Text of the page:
Rosa Nouvini is a medical oncologist who sees patients at MSK Ralph Lauren Center in Harlem. She specializes in the care of patients with benign blood disorders and blood cancers, as well as those with solid tumors like breast cancer, lung cancer, and colon cancer. Dr. Nouvini completed her fellowship at Stony Brook University Hospital and joined the Ralph Lauren Center in 2018.
She recently discussed her background and how it influenced her philosophy of caring for patients today.
How did you become interested in science and medicine?
When I was about 10, I remember I asked my parents for the Mayo Clinic Family Health Book, which provided information about causes, symptoms, and treatment for any kind of health condition. I remember how exciting it was for me to dive into that and find remedies for things that ailed my family and friends.
What is your philosophy for caring for people with cancer?
The way I think about treating patients started long before I even entered medical school.
My aunt became sick with breast cancer when I was about 12. It was very scary and, unfortunately, she passed away from it. What my family remembered and talked about was how empathetic and compassionate her oncologist was. They felt confident that he was doing everything that could be done for her. I learned from this that the doctor-patient-human connection is important — that it can bring solace in a distressing time.
For this reason, and because I love getting to know people, I always ask my new patients about their interests, what brings them joy, and how they interact with family and friends. Knowing this helps me in treatment planning and empowering my patients to make the best decisions for their health.
Why did you want to come to the Ralph Lauren Center?
I am a first-generation Iranian American. My parents left Iran before the revolution and raised me and my sisters in New York. Growing up, they always talked about the difficulties they endured in Iran and how they couldn’t fulfill their dreams there. Once they came to the United States, they felt liberated and that they could accomplish what they had hoped for. Our conversations created a deeper appreciation for the opportunities and freedoms I had in the United States. I knew that if I wanted to pursue a career in medicine, I would not face many barriers. But I also understood that not everyone living in the United States had equal opportunity. The neighborhood next to mine had residents with lower incomes and a lower-tiered school district. Children growing up there were disadvantaged and less likely to graduate from college — they had fewer opportunities than me. It felt unfair how our neighborhoods presented such drastically different life outcomes. That’s where my interest in disparities started. As I learned more throughout my medical training, I became passionate about equalizing access and outcomes in healthcare.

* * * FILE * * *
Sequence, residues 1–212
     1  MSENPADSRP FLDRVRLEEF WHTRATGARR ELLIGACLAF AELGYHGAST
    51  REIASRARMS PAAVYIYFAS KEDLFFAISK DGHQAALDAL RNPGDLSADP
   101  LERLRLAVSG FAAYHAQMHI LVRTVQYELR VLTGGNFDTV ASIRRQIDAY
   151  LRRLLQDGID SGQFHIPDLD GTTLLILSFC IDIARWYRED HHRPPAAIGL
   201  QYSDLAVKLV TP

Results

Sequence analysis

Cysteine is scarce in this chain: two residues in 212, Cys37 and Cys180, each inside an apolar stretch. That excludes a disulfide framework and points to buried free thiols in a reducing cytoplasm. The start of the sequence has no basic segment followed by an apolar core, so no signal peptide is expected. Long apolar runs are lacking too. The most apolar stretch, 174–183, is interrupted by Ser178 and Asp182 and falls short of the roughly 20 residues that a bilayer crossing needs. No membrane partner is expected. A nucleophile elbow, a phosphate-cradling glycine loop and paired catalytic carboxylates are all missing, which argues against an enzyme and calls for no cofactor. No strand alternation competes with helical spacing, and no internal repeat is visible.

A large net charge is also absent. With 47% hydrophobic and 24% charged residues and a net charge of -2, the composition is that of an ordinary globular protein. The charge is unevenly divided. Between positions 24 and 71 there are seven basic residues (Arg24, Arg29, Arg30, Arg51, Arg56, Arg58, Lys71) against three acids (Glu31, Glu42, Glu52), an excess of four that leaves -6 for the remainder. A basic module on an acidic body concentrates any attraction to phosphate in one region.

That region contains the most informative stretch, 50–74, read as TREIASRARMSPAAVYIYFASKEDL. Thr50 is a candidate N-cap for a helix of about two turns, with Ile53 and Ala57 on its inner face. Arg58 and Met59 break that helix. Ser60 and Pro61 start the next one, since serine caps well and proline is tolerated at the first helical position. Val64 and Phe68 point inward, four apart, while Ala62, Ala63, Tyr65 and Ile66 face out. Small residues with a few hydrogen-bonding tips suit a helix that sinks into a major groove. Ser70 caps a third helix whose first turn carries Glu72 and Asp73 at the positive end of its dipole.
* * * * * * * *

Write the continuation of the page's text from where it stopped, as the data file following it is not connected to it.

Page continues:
What do you like about treating patients at Ralph Lauren Center?
We have such wonderful patients. About 30% to 35% of our patients are Black, and then about 60% are Latinx — primarily from the Dominican Republic. A lot of my patients are very appreciative that I am fluent in Spanish. I spend about half of my day speaking Spanish; I love it.
Many of our patients have some sort of delay in their care or knowledge gap about their disease before they come to us at MSK. From the very first visit, we take the time to explain to them in basic, understandable language what type of cancer they have, the stage, and what this means; what treatments are available; and how their family members can be involved. Additionally, we address what are called social determinants of health. These are the ways in which different aspects of one’s environment can impact their access to healthcare and their outcomes. This means we have to learn how our patients access food, housing, childcare, transportation, and many other things. This knowledge helps us successfully get patients through treatment and follow-up care.
How would you like to see the Ralph Lauren Center improve in the next 5 to 10 years?
We’ve done a good job of establishing this facility in an underserved community and getting patients through the door. We have cancer treatment services, as well as screening services like mammography and HPV screening. I hope that we can expand on-site services, such as clinical trials and complementary medicine (acupuncture, reiki, and more). There is a lot of room for growth, and I’m excited for what’s to come.
What is a typical day like for you?
The first thing I do when I wake up is meditate. Meditation is a grounding force for me. It helps me stay in touch with myself and recognize when I’m feeling sad, emotionally exhausted, happy, or grateful. It also helps me stay mindful of what’s happening in my surroundings. If there is time in the morning, I will go running or do yoga. Fitness is a large part of my life.
I get to work at and enjoy working with a motivated team in the clinic at the MSK Ralph Lauren Center. Outside of my clinic days, I spend two days a week doing administrative tasks and research and collaborating with others on creating programs at MSK Ralph Lauren Center.
What do you enjoy doing outside of work?
I love spending time with family and friends — and especially love cooking and entertaining. I love the arts and theater scene in New York City. Traveling feeds my soul, and when I get a chance, I travel to faraway places where I enjoy nature, adventure, learning about different cultures and food.